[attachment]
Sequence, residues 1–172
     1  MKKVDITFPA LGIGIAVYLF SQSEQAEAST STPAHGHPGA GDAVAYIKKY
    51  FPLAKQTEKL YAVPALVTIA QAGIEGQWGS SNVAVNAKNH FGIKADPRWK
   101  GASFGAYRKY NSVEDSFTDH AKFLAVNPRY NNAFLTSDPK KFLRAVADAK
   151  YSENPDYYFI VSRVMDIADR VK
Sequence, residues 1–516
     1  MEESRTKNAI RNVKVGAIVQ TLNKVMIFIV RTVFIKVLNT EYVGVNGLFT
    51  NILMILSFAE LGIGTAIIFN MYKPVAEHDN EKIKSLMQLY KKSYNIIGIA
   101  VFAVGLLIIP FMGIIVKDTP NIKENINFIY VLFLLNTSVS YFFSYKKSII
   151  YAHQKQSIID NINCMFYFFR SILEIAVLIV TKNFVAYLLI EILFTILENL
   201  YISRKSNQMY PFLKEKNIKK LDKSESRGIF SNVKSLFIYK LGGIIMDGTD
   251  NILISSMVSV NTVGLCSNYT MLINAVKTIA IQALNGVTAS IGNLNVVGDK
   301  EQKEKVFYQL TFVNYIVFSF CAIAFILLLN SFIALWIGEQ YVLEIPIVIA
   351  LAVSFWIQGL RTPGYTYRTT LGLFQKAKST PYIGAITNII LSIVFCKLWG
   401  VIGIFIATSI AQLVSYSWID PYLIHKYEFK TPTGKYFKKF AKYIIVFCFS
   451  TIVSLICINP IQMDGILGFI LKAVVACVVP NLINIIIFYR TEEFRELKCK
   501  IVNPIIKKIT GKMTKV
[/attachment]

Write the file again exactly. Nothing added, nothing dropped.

Sequence, residues 1–172
     1  MKKVDITFPA LGIGIAVYLF SQSEQAEAST STPAHGHPGA GDAVAYIKKY
    51  FPLAKQTEKL YAVPALVTIA QAGIEGQWGS SNVAVNAKNH FGIKADPRWK
   101  GASFGAYRKY NSVEDSFTDH AKFLAVNPRY NNAFLTSDPK KFLRAVADAK
   151  YSENPDYYFI VSRVMDIADR VK
Sequence, residues 1–516
     1  MEESRTKNAI RNVKVGAIVQ TLNKVMIFIV RTVFIKVLNT EYVGVNGLFT
    51  NILMILSFAE LGIGTAIIFN MYKPVAEHDN EKIKSLMQLY KKSYNIIGIA
   101  VFAVGLLIIP FMGIIVKDTP NIKENINFIY VLFLLNTSVS YFFSYKKSII
   151  YAHQKQSIID NINCMFYFFR SILEIAVLIV TKNFVAYLLI EILFTILENL
   201  YISRKSNQMY PFLKEKNIKK LDKSESRGIF SNVKSLFIYK LGGIIMDGTD
   251  NILISSMVSV NTVGLCSNYT MLINAVKTIA IQALNGVTAS IGNLNVVGDK
   301  EQKEKVFYQL TFVNYIVFSF CAIAFILLLN SFIALWIGEQ YVLEIPIVIA
   351  LAVSFWIQGL RTPGYTYRTT LGLFQKAKST PYIGAITNII LSIVFCKLWG
   401  VIGIFIATSI AQLVSYSWID PYLIHKYEFK TPTGKYFKKF AKYIIVFCFS
   451  TIVSLICINP IQMDGILGFI LKAVVACVVP NLINIIIFYR TEEFRELKCK
   501  IVNPIIKKIT GKMTKV